Another change that I AM a big fan of is you now have the option to directly put your listing on Tumblr:
Why hello there!
I mentioned in one of the previous segments that I started linking my images/posts on Tumblr directly to my Etsy listings from scratch, and now I don't have to worry about doing the work anymore! Even better is that, at least when I see it on my tumblr, it shows the beginning price in a drop down box in the upper corner of the post. (I'm not entirely sure how it appears/ IF it appears on others tumblrs when they reblog it though.) But it still links back to your listing, and that's great. Anything that makes promoting my prints quick and easy I will get behind.
I've got your manufacturer right here, Etsy.
This actually started taking place a while ago, but I was so angry at the time I chose not to bring it up. Etsy now wants anyone who uses a "manufacturer" to fill out a bunch of crap if, for instance, you don't print your images yourself. Now, a seller could buy supplies from a craft shop, and make something with it, and they don't have to fill out this form. Sellers can now even sell things they didn't even create, in any way, without filling this out. But if you create something, and then have to use someplace to make that thing more tangible (on paper, on a t-shirt, on a pillow, on a cell phone case, etc, etc) you have to jump through these hoops. Even if, like me, you're completely upfront with your whole process in each listing you create.
They claim they'll shut down shops (or at least they were claiming this) who didn't fill it all out, but i'm not sure that happened to anyone, since it's unlikely they're going to be able to police so many shops, but I went ahead and did it anyways. And I got turned down the first time! So I did it again, and bitched about it, and the second time it went through just fine.
Besides the weird double standards here, they want you to be open, in a public way, with WHO you are using, which I don't love. The last thing you want is a buyer, with no experience selling, seeing the price of just the print, thinking you're marking up like 10000% percent for a big profit and getting angry. But, thankfully, this information is also a bit hidden, AND you can cover up where exactly you're getting your prints done.
When you scroll down to the bottom of a listing you'll see something like this:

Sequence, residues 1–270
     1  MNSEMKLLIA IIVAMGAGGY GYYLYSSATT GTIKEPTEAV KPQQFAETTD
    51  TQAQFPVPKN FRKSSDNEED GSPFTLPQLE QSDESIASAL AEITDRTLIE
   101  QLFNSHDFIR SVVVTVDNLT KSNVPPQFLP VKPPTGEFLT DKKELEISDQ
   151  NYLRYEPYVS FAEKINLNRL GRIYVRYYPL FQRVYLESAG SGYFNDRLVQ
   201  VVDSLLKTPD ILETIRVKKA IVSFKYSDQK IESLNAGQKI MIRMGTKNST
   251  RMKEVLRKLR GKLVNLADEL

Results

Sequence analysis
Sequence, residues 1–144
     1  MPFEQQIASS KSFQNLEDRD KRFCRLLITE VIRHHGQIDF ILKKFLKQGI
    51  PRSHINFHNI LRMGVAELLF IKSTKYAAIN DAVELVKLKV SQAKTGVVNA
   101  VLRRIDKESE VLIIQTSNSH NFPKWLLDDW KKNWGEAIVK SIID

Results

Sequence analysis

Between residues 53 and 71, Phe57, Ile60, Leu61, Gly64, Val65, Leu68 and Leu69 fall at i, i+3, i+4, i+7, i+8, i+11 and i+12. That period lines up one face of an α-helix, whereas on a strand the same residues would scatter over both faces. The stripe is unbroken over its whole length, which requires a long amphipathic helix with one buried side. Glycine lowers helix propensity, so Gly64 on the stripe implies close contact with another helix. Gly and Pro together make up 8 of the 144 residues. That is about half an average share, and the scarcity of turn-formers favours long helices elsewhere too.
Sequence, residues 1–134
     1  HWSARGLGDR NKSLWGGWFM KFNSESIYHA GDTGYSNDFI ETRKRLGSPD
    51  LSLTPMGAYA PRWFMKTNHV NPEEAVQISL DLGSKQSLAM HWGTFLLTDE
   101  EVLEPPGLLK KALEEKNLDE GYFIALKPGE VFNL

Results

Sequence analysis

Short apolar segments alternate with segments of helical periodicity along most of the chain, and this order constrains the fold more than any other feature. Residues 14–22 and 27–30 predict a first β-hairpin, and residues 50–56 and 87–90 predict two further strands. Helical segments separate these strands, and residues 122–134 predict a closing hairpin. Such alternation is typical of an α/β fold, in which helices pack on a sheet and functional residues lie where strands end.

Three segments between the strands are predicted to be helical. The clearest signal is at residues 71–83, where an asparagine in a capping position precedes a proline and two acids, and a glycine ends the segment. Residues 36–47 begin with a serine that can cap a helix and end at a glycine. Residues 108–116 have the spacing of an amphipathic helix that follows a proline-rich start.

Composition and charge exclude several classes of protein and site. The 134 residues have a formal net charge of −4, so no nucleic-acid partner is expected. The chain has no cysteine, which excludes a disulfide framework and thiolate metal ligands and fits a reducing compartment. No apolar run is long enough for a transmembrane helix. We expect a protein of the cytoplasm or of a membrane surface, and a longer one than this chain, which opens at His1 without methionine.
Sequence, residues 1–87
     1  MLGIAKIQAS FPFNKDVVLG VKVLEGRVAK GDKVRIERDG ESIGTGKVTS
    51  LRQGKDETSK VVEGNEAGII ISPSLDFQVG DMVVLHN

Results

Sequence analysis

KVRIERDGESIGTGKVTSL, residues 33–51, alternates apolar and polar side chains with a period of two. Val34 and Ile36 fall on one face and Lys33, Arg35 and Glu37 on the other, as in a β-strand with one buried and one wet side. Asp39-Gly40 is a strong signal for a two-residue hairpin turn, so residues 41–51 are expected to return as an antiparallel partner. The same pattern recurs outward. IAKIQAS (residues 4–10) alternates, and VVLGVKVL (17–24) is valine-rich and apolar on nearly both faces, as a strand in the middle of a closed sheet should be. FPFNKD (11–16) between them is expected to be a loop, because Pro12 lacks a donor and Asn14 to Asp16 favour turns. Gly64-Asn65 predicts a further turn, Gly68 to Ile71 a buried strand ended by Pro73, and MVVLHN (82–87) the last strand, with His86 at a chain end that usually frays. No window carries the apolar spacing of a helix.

As far as I can tell that's the only way anyone can get to the page to see the info they require you to fill out for "transparency" sake, which is good, since it's one more place most people never bother to go.
The things they ask are a bit dumb. It includes providing them proof of your process (I included screenshots of full size images of mine in photoshop, as well as screenshots of a few other things I can't even remember, because what the hell else could I do to prove my work is my work and i'm the one who does all of it? A fricken documentary?), why you opened a shop, what you do for your shop, more info about you, contact info for the place you use, etc. You're able to make it so the name of the place you use isn't public, so on mine it just says "Print Shop", located in New York. I also used the questions to reiterate in a nice way that it's not BAD that I use an outside shop, as it's better quality than if I were printing myself. Keep it simple, basically, and then try and forget about it.
Etsy Credit Card Reader
Another new addition, though one I currently have no need for, but the way you can use it with your shop seems interesting, so I think it's something to look into if you might find yourself selling prints or anything else in your shop in real life venues.
Now on to things I just want to re-address:
It's difficult when keywording, especially when you want to keep treasuries in mind, to do so in a way that the right people see your listings in your search. And by "right people" I mean people who are actually looking to buy art. Granted, someone who does a search for a "purple vintage dress" might like your print in which a woman is wearing a purple vintage dress, and maybe even buy it, there are likely to be more people cranky that your print showed up in their search and barely give your listing a first glance, let alone a second one. (I buy a lot on Etsy, so i'm saying this from experience.)